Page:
anonymous
  • anonymous
Given f(x)=x^2+1, determine f(1/x), x does not equal to 0. Why is it:
Mathematics
  • Stacey Warren - Expert brainly.com
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SOLVED
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katieb
  • katieb
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anonymous
  • anonymous
well plug in 1/x to the function so thats (1/x)^2 + 1 that equals (1/x^2) + 1 x cannot equal zero because 1/0 is undefined
anonymous
  • anonymous
Why is the process: \[\left(\begin{matrix}1 \\ x ^{2}\end{matrix}\right) + \left(\begin{matrix}1\times x ^{2} \\ 1 \times x ^{2}\end{matrix}\right)\]
anonymous
  • anonymous
\[\left(\begin{matrix}1 \\ x ^{2}\end{matrix}\right) + \left(\begin{matrix}x ^{2} \\ x ^{2}\end{matrix}\right)\]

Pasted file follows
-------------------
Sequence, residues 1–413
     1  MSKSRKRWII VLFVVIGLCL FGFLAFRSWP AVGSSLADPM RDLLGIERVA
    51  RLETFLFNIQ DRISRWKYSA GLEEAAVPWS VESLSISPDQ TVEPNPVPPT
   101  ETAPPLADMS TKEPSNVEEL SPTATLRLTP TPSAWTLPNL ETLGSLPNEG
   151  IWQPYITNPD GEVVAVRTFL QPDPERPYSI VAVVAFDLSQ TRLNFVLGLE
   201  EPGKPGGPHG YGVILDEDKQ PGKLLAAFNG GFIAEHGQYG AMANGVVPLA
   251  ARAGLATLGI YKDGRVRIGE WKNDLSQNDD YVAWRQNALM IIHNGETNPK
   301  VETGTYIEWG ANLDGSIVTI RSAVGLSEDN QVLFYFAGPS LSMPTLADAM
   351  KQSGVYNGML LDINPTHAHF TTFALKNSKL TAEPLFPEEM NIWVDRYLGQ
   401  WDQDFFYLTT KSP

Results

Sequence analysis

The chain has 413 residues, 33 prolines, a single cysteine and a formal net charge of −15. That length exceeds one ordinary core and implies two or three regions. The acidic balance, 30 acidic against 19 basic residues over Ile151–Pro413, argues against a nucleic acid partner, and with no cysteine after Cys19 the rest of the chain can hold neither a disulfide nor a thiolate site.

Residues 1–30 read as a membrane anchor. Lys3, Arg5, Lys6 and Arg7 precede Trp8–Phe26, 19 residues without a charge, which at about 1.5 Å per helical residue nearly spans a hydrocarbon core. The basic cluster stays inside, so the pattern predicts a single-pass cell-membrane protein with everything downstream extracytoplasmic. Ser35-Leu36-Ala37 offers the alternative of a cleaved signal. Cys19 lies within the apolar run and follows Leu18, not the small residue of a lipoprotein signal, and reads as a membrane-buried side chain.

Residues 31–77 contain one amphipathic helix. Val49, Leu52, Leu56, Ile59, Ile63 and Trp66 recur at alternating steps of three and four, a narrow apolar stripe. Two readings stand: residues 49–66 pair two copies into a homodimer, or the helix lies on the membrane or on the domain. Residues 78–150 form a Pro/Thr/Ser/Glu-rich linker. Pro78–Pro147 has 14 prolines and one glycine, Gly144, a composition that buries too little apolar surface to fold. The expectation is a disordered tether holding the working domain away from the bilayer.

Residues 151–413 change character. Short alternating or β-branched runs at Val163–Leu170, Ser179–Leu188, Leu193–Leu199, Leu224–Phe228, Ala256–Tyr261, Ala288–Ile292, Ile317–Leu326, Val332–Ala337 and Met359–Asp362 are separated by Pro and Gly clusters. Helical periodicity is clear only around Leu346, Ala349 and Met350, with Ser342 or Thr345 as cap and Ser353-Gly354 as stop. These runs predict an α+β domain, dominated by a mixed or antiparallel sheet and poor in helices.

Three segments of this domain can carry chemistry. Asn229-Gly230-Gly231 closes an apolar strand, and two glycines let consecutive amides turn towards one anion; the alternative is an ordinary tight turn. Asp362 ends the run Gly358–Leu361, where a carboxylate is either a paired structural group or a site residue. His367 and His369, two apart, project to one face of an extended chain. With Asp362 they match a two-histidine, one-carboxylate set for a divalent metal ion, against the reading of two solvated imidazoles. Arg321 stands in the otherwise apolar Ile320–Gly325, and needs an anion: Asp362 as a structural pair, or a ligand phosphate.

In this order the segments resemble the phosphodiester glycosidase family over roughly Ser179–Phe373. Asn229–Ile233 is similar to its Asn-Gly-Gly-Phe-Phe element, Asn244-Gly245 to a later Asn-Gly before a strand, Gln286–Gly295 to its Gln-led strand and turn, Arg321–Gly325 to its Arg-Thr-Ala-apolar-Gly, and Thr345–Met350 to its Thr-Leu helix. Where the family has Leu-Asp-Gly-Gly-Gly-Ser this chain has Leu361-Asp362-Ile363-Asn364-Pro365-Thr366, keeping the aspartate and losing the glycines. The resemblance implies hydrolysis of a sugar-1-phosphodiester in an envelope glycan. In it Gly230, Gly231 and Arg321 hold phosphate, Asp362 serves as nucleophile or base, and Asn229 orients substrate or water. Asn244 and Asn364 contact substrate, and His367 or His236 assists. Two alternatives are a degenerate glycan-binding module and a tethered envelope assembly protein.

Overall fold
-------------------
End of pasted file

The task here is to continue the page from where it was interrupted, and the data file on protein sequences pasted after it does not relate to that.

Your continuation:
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anonymous
  • anonymous
answer: \[\left(\begin{matrix}1 + x ^{2} \\ x ^{?}\end{matrix}\right)\] Can someone explain to me why it's this process I should do?
anonymous
  • anonymous
x≠ 0 is just a condition to guarantee f(1/x) exist! You don't have to do anything.
anonymous
  • anonymous
that's what my teacher showed me but I'm having trouble understanding it.
anonymous
  • anonymous
x= 0 is not belong to domain of f(1/x) Since if x= 0 --> f(1/x ) = ∞ ( undefined)
anonymous
  • anonymous
ohh, okay.
anonymous
  • anonymous
That's the rule, just memorize it whenever you see fraction, domain is numerator must be≠ 0
anonymous
  • anonymous
alright, thank you!
anonymous
  • anonymous
:)
anonymous
  • anonymous
I mean *denominator* must be ≠ 0!
anonymous
  • anonymous
okay!

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